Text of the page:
Science and the Secrets of Nature:
Books of Secrets in Medieval and Early Modern Culture
(Princeton: Princeton University Press, 1994)
Nominated for a Pulitzer Prize
Winner of the History Book Award, American Publishers Association
This book offers a new interpretation of the origins of experimental science. In the book, argue that the ‘new science’ of the seventeenth century has its roots in the practical activities of artisans, alchemists, and common healers. Through a detailed analysis of the ‘books of secrets’ tradition from antiquity until the end of the seventeenth century, I argue that the advent of printing was a critical moment in the development of modern science. By publishing the ‘secrets’ of craftsmen and experimenters, early modern printers created a body of empirical knowledge that became the basis for the ‘Baconian sciences’ of the seventeenth centuries.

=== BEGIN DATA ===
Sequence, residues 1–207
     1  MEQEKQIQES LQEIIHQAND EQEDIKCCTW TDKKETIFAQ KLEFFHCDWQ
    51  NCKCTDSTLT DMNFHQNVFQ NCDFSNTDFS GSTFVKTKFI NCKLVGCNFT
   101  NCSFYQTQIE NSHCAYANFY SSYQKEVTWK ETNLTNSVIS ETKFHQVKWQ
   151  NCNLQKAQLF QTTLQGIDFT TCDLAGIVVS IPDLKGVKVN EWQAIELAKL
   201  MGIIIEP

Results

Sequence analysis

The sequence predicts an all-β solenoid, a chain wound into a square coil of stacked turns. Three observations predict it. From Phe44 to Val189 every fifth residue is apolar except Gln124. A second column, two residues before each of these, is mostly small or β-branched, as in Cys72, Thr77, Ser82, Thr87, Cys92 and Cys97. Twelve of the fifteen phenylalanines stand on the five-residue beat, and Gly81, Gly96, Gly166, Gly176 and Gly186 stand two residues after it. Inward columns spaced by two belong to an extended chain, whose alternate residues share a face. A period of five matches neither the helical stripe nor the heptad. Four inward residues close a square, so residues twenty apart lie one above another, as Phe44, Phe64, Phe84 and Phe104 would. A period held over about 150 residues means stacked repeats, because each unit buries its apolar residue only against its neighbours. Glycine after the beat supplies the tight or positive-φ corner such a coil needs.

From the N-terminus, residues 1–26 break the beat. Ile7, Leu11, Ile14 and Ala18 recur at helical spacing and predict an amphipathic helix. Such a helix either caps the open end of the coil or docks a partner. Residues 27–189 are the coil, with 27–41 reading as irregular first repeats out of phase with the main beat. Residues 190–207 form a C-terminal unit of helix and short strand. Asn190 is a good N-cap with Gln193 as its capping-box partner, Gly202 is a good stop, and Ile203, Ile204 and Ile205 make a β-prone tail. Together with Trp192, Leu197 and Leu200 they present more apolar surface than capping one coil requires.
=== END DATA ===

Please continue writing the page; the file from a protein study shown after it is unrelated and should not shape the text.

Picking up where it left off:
Science and the Secrets of Nature also offers a new interpretation of the role of popular culture in the origins of science. The book gives describes the rise upon the scene of a new community of experimenters whom contemporaries called the ‘professors of secrets’. In contrast to the traditional scientific community, the university professors, this group included alchemists, natural magicians, pharmacists, distillers, glassmakers, lens grinders, friars, and empirical doctors. They conceived of science not as the explanation of things known, but as a great hunt after unknown secrets of nature. The metaphor of the ‘secrets of nature’ takes on a new meaning under this interpretation, signifying a fundamental shift in the ethos governing natural philosophy. The books of secrets are witnesses to that change.